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Chinese vase discovered in charity shop for £1 sells for £484,000


Chinese vase discovered in a charity shop for £1 sells at auction for almost £500,000

A vase bought in a U.K charity shop for just £1 has sold for almost £500,000, after it was discovered to have been made for a Chinese Emperor.

The remarkable discovery hit the auction block with Sworders Fine Art Auctions, as part of their Asian Art auction on November 8.

The consignor had originally bought the vase in a Hertfordshire charity shop because he liked the design, and had no idea of its history or value.

He then listed it for sale on eBay with a low starting price, and was instantly deluged with offers and enquiries from frantic bidders around the world.

Realizing the vase could be a little more special then he realized, he quickly removed it from the site so he could do some more research.

The vase bears the mark of the Qianlong Emperor, and was made in the royal Imperial kilns circa 1735 - 1796) (Image: Sworder's)
The vase bears the mark of the Qianlong Emperor, and was made in the royal Imperial kilns circa 1735 – 1796) (Image: Sworder’s)

He then took the vase for an appraisal at Sworders Finer Art Auctioneers, and was stunned to learn his £1 purchase was in fact a Chinese royal treasure.

The vase had been made for the Qianlong Emperor, who ruled China from 1735 until 1796 and was renowned for his love of porcelain and the decorative arts.

The famille rose vase, which stands just eight inches tall, was designed to be hung from a wall and is inscribed with an imperial poem praising incense.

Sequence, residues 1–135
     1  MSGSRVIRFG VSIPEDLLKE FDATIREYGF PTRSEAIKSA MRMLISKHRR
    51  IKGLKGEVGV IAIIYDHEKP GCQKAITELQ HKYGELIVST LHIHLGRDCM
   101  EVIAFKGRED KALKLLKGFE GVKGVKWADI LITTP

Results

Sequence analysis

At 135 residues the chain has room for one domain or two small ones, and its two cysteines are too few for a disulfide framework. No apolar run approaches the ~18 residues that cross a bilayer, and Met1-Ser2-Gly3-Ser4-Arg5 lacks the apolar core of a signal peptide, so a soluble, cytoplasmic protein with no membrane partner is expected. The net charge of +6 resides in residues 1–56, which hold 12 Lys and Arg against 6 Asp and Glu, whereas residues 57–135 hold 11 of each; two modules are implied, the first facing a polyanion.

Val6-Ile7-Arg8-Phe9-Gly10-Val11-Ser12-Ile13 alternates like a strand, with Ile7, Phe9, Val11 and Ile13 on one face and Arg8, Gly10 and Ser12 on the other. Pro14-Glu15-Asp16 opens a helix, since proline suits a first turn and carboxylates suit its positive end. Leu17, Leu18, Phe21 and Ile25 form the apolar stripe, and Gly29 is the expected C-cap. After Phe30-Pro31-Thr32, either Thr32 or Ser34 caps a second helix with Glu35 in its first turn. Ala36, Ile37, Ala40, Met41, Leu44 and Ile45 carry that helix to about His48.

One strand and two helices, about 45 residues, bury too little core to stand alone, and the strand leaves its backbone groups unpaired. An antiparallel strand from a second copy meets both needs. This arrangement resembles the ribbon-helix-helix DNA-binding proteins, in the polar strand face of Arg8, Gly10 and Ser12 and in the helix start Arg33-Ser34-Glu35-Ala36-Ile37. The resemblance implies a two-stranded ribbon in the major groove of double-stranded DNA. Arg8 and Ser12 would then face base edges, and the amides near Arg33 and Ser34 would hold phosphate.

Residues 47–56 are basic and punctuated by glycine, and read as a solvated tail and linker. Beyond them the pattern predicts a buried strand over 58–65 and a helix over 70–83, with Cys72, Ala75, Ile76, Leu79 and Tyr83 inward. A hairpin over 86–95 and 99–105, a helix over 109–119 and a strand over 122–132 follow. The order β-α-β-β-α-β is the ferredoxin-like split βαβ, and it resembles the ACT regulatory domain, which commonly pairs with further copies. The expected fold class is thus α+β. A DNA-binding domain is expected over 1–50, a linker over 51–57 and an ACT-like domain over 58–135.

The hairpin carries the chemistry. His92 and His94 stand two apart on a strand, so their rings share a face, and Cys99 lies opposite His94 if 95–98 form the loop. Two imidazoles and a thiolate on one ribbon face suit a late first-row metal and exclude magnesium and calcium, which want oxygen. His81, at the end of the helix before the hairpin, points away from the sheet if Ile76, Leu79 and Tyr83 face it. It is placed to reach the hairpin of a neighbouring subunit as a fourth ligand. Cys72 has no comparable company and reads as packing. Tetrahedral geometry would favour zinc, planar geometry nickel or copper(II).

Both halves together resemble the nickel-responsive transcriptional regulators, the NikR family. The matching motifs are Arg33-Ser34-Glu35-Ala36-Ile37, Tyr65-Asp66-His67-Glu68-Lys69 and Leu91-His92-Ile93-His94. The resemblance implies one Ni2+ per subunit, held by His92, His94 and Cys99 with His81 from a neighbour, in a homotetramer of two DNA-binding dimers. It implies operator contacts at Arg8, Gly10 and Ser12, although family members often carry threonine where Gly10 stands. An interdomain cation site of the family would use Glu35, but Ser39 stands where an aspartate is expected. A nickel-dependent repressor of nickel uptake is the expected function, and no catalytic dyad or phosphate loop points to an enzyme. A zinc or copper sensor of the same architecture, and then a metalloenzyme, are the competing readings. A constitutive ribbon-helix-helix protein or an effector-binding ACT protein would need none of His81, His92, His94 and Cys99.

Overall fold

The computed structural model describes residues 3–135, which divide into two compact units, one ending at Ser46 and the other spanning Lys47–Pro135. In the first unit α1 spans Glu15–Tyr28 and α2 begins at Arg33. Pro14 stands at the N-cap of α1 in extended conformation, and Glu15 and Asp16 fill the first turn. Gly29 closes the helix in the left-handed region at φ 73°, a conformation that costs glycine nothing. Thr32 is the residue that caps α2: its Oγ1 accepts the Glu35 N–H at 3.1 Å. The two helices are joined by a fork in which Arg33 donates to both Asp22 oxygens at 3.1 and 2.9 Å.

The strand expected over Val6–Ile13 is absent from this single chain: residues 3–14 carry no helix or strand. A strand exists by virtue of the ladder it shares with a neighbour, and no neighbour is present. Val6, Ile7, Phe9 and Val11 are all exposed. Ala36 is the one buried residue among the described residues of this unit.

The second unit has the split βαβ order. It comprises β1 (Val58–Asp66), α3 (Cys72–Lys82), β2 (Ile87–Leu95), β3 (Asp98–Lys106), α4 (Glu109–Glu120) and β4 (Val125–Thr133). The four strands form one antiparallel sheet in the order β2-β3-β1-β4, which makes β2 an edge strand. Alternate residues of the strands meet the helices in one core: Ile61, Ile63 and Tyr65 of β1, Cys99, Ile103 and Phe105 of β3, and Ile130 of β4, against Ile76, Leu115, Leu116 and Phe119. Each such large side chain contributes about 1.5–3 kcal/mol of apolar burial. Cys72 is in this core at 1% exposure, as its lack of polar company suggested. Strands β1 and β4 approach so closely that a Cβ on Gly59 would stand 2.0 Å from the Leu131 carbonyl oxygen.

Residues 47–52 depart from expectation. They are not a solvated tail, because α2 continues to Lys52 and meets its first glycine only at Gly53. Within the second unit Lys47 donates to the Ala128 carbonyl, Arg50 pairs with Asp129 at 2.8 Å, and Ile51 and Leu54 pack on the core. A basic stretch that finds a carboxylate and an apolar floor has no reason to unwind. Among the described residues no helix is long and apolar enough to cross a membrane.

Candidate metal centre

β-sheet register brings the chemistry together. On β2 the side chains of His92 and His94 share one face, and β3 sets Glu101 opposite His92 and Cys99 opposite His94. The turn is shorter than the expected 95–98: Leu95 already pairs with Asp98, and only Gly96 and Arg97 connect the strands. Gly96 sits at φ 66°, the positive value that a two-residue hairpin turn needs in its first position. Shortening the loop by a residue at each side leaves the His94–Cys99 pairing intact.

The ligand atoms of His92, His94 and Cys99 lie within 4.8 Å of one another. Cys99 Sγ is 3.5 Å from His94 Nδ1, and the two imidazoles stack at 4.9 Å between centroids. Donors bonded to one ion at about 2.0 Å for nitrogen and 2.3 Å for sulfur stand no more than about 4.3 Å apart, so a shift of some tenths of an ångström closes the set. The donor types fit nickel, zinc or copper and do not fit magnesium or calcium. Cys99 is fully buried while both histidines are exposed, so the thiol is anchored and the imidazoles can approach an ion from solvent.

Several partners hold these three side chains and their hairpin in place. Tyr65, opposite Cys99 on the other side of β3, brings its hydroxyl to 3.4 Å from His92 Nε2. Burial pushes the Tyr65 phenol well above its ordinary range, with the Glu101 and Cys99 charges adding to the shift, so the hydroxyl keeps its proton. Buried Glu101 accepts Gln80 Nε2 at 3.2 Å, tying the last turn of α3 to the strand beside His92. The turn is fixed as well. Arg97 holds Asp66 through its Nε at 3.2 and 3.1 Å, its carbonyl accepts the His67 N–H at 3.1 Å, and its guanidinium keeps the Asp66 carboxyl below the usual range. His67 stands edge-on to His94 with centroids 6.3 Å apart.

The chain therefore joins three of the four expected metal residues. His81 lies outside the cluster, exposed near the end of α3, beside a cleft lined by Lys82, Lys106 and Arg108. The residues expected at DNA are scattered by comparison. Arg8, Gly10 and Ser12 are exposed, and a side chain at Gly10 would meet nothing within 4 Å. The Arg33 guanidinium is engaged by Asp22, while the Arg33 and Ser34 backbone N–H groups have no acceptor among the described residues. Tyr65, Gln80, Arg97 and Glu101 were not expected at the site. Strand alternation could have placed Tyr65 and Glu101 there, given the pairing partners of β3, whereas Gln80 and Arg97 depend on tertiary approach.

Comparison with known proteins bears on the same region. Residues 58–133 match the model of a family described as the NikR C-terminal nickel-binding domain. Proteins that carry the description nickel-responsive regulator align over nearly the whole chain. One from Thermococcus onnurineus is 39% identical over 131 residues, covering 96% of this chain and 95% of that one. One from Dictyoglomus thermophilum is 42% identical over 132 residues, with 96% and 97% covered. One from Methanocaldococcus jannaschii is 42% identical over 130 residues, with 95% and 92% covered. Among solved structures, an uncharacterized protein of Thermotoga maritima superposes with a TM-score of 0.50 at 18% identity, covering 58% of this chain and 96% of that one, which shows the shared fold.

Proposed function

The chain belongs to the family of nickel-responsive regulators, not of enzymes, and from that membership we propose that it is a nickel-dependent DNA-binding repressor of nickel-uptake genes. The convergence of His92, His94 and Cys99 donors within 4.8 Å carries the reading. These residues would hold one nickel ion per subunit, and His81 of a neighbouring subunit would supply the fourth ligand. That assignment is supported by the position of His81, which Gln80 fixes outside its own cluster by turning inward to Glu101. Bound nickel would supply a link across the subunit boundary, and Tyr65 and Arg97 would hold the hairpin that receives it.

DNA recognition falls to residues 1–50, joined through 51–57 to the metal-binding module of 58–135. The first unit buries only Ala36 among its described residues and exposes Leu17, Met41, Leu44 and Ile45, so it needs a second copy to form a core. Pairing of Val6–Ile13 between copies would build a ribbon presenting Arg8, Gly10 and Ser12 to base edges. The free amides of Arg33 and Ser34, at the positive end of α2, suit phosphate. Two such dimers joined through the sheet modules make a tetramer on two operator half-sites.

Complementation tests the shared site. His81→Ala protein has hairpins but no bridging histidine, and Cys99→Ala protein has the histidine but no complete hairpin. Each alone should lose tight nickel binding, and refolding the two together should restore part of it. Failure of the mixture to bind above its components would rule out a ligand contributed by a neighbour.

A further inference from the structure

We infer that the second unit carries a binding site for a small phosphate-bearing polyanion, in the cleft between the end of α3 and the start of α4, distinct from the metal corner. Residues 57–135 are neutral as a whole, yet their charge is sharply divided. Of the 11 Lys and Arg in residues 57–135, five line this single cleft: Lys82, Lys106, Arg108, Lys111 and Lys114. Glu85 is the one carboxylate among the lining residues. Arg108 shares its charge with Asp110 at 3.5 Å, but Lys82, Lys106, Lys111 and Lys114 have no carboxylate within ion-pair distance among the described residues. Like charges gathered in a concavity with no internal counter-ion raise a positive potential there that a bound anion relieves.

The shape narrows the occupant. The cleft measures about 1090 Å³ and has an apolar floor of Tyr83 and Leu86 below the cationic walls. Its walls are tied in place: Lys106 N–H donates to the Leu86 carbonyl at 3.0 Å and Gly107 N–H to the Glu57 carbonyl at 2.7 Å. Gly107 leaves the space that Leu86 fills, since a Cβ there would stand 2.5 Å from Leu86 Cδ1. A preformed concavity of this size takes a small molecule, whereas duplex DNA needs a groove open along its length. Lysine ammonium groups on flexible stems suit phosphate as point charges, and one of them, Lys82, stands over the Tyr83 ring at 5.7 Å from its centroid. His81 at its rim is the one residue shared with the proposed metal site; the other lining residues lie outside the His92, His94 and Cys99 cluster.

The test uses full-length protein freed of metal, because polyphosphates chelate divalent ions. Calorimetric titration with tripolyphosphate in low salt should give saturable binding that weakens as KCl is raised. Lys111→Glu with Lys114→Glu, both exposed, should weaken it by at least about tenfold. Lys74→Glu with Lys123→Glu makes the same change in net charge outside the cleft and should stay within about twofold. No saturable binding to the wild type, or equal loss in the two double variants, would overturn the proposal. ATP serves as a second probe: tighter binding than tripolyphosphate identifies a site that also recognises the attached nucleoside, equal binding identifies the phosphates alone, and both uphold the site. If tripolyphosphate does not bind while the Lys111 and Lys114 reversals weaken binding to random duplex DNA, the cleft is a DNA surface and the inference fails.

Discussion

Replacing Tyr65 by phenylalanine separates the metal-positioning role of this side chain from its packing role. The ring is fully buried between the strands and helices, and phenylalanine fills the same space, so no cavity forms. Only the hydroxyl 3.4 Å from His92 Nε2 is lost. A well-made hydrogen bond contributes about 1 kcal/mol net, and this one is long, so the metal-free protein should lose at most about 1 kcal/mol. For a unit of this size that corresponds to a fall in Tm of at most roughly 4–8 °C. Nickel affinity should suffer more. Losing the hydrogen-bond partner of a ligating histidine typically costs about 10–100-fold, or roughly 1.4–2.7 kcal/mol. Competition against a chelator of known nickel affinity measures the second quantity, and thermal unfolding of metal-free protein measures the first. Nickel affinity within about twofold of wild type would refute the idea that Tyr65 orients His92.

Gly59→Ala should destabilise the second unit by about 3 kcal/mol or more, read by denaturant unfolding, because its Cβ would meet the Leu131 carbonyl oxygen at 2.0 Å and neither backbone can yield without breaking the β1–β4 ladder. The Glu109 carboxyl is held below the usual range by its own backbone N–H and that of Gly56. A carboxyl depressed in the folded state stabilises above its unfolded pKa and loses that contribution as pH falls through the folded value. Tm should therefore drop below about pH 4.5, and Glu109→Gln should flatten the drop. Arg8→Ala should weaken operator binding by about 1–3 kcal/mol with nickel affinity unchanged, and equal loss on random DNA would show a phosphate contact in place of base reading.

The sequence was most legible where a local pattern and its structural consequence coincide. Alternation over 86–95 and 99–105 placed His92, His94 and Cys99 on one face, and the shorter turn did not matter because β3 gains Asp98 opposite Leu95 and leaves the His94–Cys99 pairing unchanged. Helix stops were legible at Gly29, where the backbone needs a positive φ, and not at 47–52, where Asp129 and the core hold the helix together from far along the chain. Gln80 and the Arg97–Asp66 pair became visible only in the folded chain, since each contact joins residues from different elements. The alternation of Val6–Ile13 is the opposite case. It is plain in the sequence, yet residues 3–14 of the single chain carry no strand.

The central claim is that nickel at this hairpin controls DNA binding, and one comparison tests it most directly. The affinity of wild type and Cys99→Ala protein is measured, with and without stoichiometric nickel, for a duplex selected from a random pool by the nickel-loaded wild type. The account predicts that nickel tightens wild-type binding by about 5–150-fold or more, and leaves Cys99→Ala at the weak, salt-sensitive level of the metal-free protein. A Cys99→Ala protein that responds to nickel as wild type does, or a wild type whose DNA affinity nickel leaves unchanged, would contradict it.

The intricate floral decoration is painted onto a yellow base, a colour which was traditionally reserved for the Emperor.

It also bears two two iron-red seal marks which read “Qianlong chen han” (the Qianlong Emperor’s own mark) and “Weijing weiyi” (be precise, be undivided).

Sworder’s expert Yexue Li described the discovery and sale of the vase as “the perfect auction story”. (Image: Sworder’s)

The marks and inscriptions suggest the piece was commissioned by the Emperor himself and produced in the Imperial kilns for use in one of the royal palaces.

Experts at Sworders initially valued the vase at up to £80,000 – in itself, a stunning price for a £1 charity shop discovery.

But when bidding started, it became clear that the vase had attracted the attention of some serious high-end collectors.

And when the dust settled, it had achieved a stunning final price of £484,000 ($621,300) including buyer’s premium.

“This has been the perfect auction story,” said Yexue Li, head of the Asian art department at Sworders. “A bargain find, a culturally important and beautiful work of art and a life changing sum of money for the vendor. He is understandably ecstatic.”

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